REPORTER: What do you make of the fact that we haven’t seen Fiona Martin yet? We haven’t seen her yet on the campaign trail or I don’t think on any media at this point.
CROSBY: Honestly that’s going to have to be a question for them. I don’t know what to make of it. I would have thought that …
REPORTER: Difficult situation for her being parachuted in?
CROSBY: I would have thought that at this stage that you, like me, you would be keen to be in front of as many people as you possibly can be, getting your name and face out and talking to as many people as humanly possible. But that is a question for the Liberal Party.
REPORTER: How much easier is your job now that you are not facing Craig Laundy?
CROSBY: There’s no doubt Craig was a popular member. There is no doubt in my mind. Every couple of days you talk to another person who says that they were traditional Labor voters, but they were going to vote for Craig, and now they’re happy to come back and vote for Labor. I think the fight was very live when Craig was there, and there’s no doubt we received a big boost without him there. But I don’t want to sound like we’re taking this for granted. This is going to come down to the absolute last vote. If we win this seat, it’s going to be by a point or so, and if we lose this seat, it’s going to be by a point or so.
REPORTER: You think you can swing it?
CROSBY: Yes. I do.
REPORTER: Confidence is there.
CROSBY: We’ve worked really hard. We’ve door-knocked literally thousands of houses. We’ve made phone calls into literally thousands of houses, tens of thousands of houses, over a year now. We’ve done the ground game, and when you go out you talk to people, and they say, ‘Oh yeah, you doorknocked us six months ago, you doorknocked us six weeks ago’, whatever it happened to be. I’m hoping that that is going to get rewarded.
REPORTER: Albo, just one quick other thing. This is Reid. Obviously there are a handful of seats in Sydney that really, they say, can determine the outcome of the election. It comes down to those seats pretty much every time. How confident is the ALP, how confident are you, about swinging those marginals back around your way?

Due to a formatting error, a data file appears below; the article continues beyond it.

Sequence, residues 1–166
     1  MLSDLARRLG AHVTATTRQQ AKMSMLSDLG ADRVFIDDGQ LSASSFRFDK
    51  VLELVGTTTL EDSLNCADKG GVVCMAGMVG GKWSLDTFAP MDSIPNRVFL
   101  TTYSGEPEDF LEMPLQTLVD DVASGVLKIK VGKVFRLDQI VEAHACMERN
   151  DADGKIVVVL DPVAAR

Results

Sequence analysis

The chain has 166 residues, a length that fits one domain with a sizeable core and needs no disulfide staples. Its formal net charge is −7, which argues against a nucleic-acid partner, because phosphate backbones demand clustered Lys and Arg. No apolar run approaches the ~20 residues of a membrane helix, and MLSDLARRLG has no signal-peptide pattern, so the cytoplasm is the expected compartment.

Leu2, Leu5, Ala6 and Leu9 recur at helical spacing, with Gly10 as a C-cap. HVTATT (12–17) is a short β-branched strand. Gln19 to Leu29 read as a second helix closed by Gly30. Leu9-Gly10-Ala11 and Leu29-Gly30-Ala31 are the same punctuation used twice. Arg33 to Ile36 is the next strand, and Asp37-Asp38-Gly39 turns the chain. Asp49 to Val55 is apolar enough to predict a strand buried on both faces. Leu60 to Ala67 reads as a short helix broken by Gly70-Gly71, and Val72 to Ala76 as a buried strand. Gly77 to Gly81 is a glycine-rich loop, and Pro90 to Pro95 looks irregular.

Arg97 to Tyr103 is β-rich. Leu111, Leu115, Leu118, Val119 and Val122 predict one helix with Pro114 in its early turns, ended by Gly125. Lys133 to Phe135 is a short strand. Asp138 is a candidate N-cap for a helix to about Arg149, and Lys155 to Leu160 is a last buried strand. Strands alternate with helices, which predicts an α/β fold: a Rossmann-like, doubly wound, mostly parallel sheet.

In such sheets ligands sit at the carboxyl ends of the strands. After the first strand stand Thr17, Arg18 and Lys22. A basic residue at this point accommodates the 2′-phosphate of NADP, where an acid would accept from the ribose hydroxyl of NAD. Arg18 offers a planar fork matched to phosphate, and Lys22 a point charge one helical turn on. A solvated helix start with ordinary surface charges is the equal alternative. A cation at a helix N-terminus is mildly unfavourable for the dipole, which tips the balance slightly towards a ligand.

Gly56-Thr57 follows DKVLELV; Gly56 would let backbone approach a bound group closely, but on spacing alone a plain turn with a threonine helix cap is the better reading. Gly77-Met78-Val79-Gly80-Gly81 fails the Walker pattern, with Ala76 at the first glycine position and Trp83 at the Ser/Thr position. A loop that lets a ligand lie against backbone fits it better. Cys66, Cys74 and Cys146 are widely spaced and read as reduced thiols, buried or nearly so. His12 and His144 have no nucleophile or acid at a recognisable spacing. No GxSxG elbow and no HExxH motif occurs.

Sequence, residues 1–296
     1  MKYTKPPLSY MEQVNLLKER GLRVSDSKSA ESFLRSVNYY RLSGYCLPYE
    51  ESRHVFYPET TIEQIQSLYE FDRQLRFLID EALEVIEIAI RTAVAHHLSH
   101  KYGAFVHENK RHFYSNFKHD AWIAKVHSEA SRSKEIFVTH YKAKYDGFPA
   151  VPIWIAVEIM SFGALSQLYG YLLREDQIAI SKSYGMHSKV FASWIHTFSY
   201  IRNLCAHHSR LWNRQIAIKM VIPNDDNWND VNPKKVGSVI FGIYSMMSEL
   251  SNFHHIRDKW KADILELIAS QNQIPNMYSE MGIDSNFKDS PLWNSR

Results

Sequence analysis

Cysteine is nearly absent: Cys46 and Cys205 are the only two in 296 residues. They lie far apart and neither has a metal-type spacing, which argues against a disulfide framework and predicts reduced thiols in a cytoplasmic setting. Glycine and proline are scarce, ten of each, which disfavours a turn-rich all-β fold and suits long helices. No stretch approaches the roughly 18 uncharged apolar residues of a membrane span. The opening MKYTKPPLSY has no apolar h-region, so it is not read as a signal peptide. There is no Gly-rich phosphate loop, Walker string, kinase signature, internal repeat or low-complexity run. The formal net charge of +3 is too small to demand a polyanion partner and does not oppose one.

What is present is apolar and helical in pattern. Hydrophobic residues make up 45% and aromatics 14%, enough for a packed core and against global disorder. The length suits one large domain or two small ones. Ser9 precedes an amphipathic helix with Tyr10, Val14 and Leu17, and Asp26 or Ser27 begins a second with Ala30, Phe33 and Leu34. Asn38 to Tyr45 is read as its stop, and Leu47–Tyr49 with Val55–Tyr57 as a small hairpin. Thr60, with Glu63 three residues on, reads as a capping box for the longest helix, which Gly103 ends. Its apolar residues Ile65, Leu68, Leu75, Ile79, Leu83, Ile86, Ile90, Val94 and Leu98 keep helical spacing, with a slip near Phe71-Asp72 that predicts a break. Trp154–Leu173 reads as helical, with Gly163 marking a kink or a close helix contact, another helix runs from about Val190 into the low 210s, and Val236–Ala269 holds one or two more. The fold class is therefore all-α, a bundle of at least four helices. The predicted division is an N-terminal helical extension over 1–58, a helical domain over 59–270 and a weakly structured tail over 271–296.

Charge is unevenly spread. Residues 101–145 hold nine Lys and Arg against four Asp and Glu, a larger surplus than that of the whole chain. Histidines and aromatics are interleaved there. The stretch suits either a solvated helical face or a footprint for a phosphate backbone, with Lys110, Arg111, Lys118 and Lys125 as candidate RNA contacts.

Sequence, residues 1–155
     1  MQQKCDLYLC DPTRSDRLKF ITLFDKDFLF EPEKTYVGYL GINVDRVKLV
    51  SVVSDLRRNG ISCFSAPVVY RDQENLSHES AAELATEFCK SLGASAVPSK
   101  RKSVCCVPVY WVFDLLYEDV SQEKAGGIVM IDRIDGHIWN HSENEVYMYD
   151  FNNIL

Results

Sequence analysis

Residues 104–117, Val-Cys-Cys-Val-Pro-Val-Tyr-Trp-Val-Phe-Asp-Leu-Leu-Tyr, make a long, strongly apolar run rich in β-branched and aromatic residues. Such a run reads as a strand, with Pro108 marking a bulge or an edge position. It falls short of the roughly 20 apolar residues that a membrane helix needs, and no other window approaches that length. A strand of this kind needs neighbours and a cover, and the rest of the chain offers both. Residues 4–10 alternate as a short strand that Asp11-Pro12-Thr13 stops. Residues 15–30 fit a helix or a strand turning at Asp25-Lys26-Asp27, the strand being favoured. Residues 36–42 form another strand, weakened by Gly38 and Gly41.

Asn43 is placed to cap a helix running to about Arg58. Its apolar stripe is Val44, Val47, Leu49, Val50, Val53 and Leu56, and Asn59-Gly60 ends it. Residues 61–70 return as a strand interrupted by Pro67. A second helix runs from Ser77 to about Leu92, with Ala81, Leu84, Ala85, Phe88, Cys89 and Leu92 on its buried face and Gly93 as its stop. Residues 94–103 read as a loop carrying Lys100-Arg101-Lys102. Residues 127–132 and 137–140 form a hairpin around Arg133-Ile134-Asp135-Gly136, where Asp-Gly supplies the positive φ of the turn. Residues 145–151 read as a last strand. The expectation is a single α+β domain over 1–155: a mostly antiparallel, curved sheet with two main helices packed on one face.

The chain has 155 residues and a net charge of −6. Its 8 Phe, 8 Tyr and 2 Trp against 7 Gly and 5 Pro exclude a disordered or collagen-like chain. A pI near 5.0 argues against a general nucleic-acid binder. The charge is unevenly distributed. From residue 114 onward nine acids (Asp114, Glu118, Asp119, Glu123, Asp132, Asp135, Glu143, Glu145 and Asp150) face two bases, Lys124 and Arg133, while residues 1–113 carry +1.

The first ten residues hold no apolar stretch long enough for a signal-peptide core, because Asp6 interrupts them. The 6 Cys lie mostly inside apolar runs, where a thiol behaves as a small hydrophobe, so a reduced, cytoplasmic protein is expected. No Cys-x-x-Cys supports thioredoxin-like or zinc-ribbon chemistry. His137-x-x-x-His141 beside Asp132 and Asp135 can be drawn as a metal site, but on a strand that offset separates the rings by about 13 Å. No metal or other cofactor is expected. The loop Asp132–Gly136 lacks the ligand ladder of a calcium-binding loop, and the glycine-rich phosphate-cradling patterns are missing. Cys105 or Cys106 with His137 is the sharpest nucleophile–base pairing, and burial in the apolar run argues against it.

ALBANESE: Well, we certainly don’t take it for granted. The fact is that we started ahead in previous campaigns, since I’ve been in the Federal Parliament, and we haven’t been successful. So what we’ll do is do what we’ve been doing for the last two terms – continue to put forward a positive vision, continue to talk about the need to properly fund education, to properly fund our health system, particularly through Medicare, give support to public transport and infrastructure.
Later on today, I’ll be in the electorate of Macquarie. We’ll be campaigning right around the country. But one of the things that is obvious about here and the last-minute candidate, is just the chaos in the Coalition. I think that people will weigh up the fact that we have had unity, and a sense of purpose, to our time. We’ve used our time well, to develop a coherent policy across the board, to put forward some of the policies are difficult. We’ve said exactly where the money is coming from for all of our commitments, including closing tax loopholes and that stands in stark contrast to our opponents.